May 11, 2005
By Breana Krotz
Six Ohio University women involved in the Global Learning Community (GLC) had the unique opportunity to experience the Middle Eastern culture hands on during a three-day women's leadership conference in the United Arab Emirates.
The conference, "Women as Global Leaders: Educating the Next Generation" drew positive attention worldwide from students, educators and professionals. Approximately 750 students from 41 countries around the globe participated in the first ever women's conference, bringing a unique perspective to each conversation.
The conference, held at Zayed University, focused on the role of women in a progressive Middle Eastern country, which is often misrepresented and misunderstood from a global perspective.
Students agreed the trip was an "eye-opening experience and were surprised at how real the Arab women and culture became."
"It was an amazing experience, indescribable really," said Lindsay Booth, a junior International Studies major. "Talking to all the women from around the world was the best part of the trip. There was so much to learn from each of them, particularly the Middle Eastern women. They were all so open-minded and very curious about Americans."
Many government leaders and officials spoke, including Gro Harlem Brundtland, the former prime minister of Norway and former director of the World Health Organization; Tipper Gore, former mental health policy adviser to President Bill Clinton and Kim Campbell, former prime minister of Canada, were a few of the featured speakers.
"It was a great opportunity for women to meet women," said Greg Emery, GLC director. "There were such amazing women from around the world all coming together for the same purpose. They really set the tone for the conference."
In addition to attending various speakers, students participated in multiple mini conferences and workshops, where they discussed issues such as women and peace, conflict resolution, dispelling myths of Islamic women and social/cultural topics of the Middle East.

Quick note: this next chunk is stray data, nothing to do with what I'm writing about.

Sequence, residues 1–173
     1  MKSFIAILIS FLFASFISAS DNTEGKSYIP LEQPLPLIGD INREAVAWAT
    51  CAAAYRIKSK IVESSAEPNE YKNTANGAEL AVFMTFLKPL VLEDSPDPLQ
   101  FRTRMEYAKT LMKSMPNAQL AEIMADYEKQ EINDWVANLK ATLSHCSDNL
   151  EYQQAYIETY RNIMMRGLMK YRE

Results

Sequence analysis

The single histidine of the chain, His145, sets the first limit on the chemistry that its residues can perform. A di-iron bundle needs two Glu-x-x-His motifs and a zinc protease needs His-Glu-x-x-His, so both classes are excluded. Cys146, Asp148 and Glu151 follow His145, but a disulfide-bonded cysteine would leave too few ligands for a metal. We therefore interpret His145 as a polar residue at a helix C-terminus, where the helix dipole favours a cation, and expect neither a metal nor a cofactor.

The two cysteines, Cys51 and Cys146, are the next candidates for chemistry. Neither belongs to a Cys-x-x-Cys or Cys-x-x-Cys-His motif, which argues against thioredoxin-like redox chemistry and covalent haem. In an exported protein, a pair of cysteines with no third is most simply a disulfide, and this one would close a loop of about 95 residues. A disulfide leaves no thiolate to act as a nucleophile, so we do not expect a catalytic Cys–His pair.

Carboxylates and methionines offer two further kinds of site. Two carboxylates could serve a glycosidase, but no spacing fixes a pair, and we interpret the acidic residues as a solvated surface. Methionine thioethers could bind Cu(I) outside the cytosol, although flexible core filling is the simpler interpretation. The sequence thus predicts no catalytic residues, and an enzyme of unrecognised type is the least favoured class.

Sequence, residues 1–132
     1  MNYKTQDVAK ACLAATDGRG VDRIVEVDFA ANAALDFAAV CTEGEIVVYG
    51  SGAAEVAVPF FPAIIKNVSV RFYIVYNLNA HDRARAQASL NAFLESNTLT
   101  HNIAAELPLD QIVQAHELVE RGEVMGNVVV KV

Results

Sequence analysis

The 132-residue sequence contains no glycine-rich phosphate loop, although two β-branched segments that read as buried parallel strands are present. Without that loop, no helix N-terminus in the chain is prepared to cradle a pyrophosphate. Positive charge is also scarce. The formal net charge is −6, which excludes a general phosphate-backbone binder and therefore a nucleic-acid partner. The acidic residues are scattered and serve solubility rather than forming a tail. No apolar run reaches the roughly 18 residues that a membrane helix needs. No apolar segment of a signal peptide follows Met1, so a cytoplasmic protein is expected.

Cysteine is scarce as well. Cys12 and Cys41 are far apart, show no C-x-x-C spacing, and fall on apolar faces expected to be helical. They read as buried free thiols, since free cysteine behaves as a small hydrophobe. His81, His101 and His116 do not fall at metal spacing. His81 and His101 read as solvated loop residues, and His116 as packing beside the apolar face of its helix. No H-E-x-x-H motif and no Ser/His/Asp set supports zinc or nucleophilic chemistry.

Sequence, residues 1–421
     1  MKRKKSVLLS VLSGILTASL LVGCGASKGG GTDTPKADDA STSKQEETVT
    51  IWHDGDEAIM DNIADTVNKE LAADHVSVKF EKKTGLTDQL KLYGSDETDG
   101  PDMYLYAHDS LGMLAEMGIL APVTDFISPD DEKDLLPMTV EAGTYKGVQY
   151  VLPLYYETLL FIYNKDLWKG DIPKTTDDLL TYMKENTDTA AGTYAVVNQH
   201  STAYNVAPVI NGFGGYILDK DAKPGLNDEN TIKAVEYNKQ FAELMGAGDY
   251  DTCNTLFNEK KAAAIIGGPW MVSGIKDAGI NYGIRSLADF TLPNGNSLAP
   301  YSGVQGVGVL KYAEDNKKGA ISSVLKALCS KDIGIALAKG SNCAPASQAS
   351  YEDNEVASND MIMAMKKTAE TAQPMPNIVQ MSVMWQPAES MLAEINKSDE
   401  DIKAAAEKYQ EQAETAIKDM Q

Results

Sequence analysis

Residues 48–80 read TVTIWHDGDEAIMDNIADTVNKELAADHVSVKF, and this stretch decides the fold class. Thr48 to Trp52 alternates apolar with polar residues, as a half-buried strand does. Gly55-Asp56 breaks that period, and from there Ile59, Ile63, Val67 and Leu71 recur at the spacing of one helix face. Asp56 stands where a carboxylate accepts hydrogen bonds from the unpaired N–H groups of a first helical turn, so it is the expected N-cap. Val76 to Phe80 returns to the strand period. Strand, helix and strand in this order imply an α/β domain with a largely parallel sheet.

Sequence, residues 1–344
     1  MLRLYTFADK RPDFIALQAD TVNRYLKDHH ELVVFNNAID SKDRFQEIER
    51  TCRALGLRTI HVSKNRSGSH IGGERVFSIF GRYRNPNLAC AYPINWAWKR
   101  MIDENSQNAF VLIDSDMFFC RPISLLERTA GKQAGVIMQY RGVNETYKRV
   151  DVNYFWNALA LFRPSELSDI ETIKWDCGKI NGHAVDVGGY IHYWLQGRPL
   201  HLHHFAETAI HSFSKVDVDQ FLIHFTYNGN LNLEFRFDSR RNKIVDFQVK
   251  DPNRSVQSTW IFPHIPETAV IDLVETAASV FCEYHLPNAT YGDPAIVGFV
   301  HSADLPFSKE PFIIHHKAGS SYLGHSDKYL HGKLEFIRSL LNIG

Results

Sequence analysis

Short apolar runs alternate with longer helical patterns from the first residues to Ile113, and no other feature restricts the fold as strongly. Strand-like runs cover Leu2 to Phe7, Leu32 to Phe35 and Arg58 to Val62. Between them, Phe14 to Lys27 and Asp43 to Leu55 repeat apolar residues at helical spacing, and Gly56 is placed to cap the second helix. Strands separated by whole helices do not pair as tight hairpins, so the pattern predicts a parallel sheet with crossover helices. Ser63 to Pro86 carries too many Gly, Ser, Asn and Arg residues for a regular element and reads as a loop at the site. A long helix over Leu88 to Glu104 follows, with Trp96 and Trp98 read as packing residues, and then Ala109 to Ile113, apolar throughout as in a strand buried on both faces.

"The women spoke about how Islam was progressive, yet there were two paths they could choose to follow," said Chelsea Stallkamp, a sophomore communications major. "Some women do not wear the traditional robes because they find it to be oppressive, whereas others had a completely different perception and found them to be a form of expression."
Students were given the opportunity to experience the Middle Eastern culture and landscape first-hand on a desert safari outside Dubai.
"We were bussed about an hour and a half from the conference to an Arabian fort in the middle of the desert. It was incredible," Emery said. "There were beautiful rugs on the floor, Arabian food, music and camels that you could ride around the fort."
According to Booth, speakers from the United Arab Emirates shared their mission and hopes of changing the perception of the Middle East to a more positive, realistic perception of the area.
"Dubai was absolutely beautiful, unlike anything I had ever seen. It was not at all what you would expect a city in the Middle East to look like," Booth said. "We stayed in this beautiful five star resort and were treated exceptionally well."
"The experience really made a tremendous impact on the Global Learning Community as a program," Emery said. "We've realized the strong interest students have in the Middle East and are working to incorporate more learning projects about the culture. And we're planning to attend next year's conference at Zayed University."
For more information about the Global Learning Community, visit www.ohiou.edu/glc/.
Breana Krotz is a student writer with University Communications and Marketing.